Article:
USA says ex-intel official defected to Iran, revealed secrets

The U.S. government accused Monica Witt 39 of revealing highly-classified information to Tehran.             
    FBI

The U.S. government accused Monica Witt 39 of revealing highly-classified information to Tehran. FBI

The Department of Justice charged former U.S. Air Force special agent and counterintelligence specialist Monica Witt with espionage, accusing her of defecting to Iran in 2013 and revealing highly-classified U.S. intelligence to the government in Tehran.

"Four Iranian cyberhackers are also charged with various computer crimes targeting members of the US intelligence community who were Ms. Witt's former colleagues", the indictment said. She worked extensively in the Middle East and had access to classified information, including the names of multiple American intelligence officials.

Also charged are four Iranian hackers.

"It is a sad day for America when one of its citizens betrays our country", said Assistant Attorney General John Demers, announcing the indictment.

The event, though, has received a tepid response overseas, as some objected to the its anti-Iran focus.

Officials said Witt turned on the USA and shifted her loyalty to the Islamic Republic for "ideological reasons". Prosecutors say they targeted former colleagues of Witt's in the intelligence community.

The FBI seeks her arrest on the charges of conspiracy to deliver national defense information to representatives of a foreign government and delivering national defense information to representatives of a foreign government, specifically the government of Iran. The next year, she went to another Iranian conference and soon arranged to defect, according to the indictment. "She made a decision to turn against the United States and turn her loyalties to Iran", FBI Executive Assistant Director Jay Tabb told reporters.

Monica Witt, who was born and raised in Texas, allegedly provided Iranian security officials with the code name and classified mission of a U.S. Defense Department special access program.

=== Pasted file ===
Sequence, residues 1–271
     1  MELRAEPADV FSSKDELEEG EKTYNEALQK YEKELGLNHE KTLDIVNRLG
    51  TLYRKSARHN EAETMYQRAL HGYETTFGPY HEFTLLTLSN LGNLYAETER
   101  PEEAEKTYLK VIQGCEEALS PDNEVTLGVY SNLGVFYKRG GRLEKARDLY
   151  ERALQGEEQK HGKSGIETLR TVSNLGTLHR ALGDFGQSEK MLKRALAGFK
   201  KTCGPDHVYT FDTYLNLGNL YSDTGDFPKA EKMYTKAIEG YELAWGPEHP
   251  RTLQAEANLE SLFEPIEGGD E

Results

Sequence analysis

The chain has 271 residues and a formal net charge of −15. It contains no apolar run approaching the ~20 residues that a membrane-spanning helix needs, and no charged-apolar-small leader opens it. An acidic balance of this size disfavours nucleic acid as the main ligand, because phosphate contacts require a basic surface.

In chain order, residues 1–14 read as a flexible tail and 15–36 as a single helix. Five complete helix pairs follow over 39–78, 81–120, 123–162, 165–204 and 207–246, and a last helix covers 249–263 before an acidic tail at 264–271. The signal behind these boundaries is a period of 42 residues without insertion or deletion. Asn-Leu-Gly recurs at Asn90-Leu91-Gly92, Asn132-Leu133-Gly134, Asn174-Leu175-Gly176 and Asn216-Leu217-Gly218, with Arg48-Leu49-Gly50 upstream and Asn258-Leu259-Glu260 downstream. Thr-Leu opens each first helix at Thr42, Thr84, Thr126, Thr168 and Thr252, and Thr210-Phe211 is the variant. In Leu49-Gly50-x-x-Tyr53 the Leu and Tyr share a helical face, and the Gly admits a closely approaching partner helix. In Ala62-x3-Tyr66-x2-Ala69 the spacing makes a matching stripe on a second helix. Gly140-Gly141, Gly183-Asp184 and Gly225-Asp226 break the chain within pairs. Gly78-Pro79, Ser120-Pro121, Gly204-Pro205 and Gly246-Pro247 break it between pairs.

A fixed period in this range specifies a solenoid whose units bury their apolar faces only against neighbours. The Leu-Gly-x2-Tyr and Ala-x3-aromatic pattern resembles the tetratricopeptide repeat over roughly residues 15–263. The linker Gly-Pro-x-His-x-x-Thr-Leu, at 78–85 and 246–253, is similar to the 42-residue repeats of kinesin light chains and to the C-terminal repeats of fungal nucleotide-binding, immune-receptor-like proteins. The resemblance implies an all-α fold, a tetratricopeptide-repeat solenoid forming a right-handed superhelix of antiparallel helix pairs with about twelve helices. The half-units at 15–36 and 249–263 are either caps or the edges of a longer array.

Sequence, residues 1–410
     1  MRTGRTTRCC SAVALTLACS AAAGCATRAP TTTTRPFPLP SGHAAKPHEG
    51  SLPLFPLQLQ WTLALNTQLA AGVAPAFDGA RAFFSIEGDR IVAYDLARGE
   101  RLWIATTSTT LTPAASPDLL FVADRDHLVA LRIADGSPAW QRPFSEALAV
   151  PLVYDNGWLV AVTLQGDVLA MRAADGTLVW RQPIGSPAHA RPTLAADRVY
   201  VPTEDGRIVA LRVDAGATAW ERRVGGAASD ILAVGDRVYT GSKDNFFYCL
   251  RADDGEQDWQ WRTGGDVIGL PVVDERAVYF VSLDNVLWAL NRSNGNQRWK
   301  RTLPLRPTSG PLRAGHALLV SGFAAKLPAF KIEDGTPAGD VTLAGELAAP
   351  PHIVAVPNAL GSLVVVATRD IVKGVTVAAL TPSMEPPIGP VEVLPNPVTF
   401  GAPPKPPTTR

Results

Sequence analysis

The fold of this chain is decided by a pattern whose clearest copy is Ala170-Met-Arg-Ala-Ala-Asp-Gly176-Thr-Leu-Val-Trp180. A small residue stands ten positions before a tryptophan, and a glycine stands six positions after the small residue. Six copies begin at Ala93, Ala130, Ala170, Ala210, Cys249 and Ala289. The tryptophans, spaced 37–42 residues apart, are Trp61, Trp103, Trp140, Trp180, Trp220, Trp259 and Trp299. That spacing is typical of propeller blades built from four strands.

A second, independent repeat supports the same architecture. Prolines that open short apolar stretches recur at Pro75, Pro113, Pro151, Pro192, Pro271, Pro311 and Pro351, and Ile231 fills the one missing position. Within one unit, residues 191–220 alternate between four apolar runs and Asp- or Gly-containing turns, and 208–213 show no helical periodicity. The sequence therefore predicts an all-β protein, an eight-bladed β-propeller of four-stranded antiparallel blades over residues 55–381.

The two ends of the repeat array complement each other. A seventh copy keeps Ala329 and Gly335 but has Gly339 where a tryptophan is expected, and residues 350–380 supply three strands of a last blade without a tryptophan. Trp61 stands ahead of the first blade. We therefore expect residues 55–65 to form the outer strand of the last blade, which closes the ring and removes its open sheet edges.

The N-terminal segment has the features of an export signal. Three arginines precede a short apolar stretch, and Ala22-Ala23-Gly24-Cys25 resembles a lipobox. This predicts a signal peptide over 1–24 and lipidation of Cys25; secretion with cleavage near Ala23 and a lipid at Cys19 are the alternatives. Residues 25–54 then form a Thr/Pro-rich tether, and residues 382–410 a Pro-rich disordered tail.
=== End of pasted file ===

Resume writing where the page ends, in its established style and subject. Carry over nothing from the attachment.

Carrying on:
Messages quoted in an indictment unsealed yesterday showed Witt saying that she wanted to "put the training I received to good use instead of evil" around the time of her defection.

According to the Justice Department, Witt entered the Air Force in 1997 and left in 2008.

"Witt's primary motivation appears to have been ideological".

But later that year, she helped an unnamed Iranian-American official produce an anti-American propaganda film.

"The last known contact with her is believed to have been in June 2013", the Federal Bureau of Investigation alert said. These hackers proceeded to make fake Facebook accounts to befriend Witt's former agents and attempt to install spyware on their computer activity.

Specifically, between January and May 2015, the Cyber Conspirators, using fictitious and imposter accounts, attempted to trick their targets into clicking links or opening files that would allow the conspirators to deploy malware on the target's computer. That group has been designated by the USA government as promoting terrorism. "Witt may have also travelled to the United Arab Emirates or Iran, where she had previously travelled on at least two other occasions".

Iranian nationals Mojtaba Masoumpour, Behzad Mesri, Hossein Parvar and Mohamad Paryar were charged with computer intrusion and aggravated identity theft.

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